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He’s the author of the book, Everything I Ever Needed to Know About Economics I Learned from Online Dating. Can you just maybe describe what the concept is and how you’ve applied it to this idea of looking for a life partner?PAUL OYER: Well, in everyday life, we’re always going around making decisions and some of those decisions are very costly.So if we just go into some market where everything is commodity, I don’t know, stocks, or bonds, or something like that, we don’t need to do much searching.We just buy one share of whatever company it is or we just buy one ton of soybeans or whatever it is.We hope that you will join us for a lively evening discussion of economics, game theory, and dating. Download this podcast SARAH GREEN: Welcome to the HBR Idea Cast. I’m talking today with Paul Oyer, Professor of Economics at Stanford’s Graduate School of Business. SARAH GREEN: So Paul, I’d like to just kick off by talking a little bit about the economic concept of search costs.Learn Vest: First of all, what does online dating have to do with economics?Oyer: I'm a labor economist, so when I found myself back on the dating scene, it became clear to me that online dating is a marketplace.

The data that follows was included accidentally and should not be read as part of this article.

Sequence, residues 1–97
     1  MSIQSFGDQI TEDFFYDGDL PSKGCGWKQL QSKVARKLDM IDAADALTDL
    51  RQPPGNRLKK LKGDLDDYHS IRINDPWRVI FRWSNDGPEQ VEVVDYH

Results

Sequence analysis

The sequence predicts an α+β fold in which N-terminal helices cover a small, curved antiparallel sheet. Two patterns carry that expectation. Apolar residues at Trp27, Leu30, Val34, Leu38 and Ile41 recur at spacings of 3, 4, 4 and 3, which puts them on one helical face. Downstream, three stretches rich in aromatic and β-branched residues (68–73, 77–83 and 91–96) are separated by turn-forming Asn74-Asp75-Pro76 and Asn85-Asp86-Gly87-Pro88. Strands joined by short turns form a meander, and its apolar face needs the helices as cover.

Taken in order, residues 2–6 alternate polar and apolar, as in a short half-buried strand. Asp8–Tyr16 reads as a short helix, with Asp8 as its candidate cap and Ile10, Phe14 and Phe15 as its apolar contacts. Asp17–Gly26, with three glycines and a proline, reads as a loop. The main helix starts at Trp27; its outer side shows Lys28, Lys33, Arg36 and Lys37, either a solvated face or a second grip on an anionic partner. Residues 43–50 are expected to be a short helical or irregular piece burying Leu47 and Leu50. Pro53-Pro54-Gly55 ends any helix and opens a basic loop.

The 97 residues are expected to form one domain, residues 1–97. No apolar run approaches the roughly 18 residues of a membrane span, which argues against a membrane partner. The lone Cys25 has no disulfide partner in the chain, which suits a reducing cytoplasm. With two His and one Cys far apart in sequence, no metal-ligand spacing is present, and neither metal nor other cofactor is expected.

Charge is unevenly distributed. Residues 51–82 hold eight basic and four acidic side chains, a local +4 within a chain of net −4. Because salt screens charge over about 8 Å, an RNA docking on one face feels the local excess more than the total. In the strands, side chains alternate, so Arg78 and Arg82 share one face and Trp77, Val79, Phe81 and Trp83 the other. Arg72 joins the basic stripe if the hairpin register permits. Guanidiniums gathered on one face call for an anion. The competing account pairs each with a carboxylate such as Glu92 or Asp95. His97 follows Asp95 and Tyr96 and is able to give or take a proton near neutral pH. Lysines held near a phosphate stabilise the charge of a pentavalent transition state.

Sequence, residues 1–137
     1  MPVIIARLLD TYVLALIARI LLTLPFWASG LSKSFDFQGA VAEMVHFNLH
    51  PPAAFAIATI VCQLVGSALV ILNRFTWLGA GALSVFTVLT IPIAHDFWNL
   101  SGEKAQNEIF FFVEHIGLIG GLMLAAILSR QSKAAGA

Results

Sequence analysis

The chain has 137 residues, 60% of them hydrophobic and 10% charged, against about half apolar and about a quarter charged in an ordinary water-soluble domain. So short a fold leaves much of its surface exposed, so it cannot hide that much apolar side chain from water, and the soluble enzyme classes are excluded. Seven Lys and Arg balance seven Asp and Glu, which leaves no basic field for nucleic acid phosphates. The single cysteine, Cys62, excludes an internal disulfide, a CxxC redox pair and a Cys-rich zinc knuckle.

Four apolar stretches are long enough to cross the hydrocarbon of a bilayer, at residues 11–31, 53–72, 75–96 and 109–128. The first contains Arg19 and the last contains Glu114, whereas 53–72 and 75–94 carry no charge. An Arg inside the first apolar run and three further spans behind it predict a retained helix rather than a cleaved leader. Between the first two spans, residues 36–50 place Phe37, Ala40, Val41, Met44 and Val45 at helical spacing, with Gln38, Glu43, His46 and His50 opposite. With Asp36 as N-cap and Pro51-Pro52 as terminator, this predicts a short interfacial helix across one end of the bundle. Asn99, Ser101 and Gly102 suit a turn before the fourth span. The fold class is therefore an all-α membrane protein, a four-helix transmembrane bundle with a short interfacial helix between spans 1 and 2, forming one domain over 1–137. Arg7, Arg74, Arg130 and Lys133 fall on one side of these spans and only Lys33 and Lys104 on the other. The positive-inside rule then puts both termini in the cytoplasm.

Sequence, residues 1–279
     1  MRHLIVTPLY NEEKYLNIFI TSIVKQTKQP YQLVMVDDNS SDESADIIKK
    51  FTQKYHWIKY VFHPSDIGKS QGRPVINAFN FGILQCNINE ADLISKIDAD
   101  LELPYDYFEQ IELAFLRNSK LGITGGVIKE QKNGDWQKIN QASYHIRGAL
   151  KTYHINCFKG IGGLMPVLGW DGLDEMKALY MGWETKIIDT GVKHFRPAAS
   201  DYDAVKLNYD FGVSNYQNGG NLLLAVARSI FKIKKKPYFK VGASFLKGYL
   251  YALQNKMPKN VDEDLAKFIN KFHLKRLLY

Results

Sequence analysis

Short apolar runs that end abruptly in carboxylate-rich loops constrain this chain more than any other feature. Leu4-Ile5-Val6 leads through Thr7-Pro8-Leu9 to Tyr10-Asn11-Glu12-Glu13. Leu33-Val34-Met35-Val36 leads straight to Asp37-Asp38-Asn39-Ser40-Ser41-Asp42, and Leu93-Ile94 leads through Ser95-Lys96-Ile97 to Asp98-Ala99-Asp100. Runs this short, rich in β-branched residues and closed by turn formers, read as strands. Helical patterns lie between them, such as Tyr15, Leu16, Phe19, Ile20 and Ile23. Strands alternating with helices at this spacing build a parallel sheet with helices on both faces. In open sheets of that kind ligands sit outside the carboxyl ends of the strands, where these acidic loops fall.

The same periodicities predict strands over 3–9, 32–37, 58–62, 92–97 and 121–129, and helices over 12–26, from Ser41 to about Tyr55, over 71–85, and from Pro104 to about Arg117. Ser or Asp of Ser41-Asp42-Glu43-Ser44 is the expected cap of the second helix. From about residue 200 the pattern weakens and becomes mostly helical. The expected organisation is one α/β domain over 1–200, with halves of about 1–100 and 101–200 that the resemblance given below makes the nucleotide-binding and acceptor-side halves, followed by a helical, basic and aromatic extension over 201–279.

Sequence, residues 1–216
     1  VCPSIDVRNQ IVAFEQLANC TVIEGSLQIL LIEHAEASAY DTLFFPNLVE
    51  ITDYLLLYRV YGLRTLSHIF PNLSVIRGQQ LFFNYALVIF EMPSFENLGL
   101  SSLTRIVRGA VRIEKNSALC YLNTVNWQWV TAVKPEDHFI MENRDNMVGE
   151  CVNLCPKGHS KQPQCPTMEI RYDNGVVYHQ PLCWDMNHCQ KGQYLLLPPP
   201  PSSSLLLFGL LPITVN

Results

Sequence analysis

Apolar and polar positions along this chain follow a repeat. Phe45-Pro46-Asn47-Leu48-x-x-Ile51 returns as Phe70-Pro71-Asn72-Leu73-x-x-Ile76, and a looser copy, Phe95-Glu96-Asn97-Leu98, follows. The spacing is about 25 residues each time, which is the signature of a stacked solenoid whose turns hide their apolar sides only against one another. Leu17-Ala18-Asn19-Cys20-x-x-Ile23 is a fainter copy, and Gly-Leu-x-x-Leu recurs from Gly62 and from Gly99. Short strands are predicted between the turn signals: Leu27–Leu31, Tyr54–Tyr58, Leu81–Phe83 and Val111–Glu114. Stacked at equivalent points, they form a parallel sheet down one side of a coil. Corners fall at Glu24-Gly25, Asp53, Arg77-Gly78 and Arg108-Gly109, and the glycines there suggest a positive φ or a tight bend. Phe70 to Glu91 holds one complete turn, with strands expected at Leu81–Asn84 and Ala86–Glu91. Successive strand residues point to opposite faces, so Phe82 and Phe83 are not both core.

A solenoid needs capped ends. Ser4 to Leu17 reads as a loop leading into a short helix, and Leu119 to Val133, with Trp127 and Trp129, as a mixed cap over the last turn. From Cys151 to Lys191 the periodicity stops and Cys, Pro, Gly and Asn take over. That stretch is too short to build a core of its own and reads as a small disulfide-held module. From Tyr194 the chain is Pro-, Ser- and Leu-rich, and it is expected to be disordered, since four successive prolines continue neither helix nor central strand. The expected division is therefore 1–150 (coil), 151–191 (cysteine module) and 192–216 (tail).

And if I want to buy a new house and I go from open house to open house, I could be doing other things.

When I recently began dating again and went searching for a new partner online, I saw firsthand that understanding economics can give you a leg up.

The dating world is a market and markets are what economists know best.

Search models can be applied to several circumstances, such as housing, unemployment, and of course, dating.

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